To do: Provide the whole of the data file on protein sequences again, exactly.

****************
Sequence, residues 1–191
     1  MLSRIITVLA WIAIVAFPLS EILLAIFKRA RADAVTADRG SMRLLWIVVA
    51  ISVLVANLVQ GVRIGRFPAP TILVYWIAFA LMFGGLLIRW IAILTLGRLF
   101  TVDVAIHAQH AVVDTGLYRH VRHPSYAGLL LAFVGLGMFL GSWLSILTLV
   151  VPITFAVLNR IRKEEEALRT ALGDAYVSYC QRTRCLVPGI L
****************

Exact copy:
Sequence, residues 1–191
     1  MLSRIITVLA WIAIVAFPLS EILLAIFKRA RADAVTADRG SMRLLWIVVA
    51  ISVLVANLVQ GVRIGRFPAP TILVYWIAFA LMFGGLLIRW IAILTLGRLF
   101  TVDVAIHAQH AVVDTGLYRH VRHPSYAGLL LAFVGLGMFL GSWLSILTLV
   151  VPITFAVLNR IRKEEEALRT ALGDAYVSYC QRTRCLVPGI L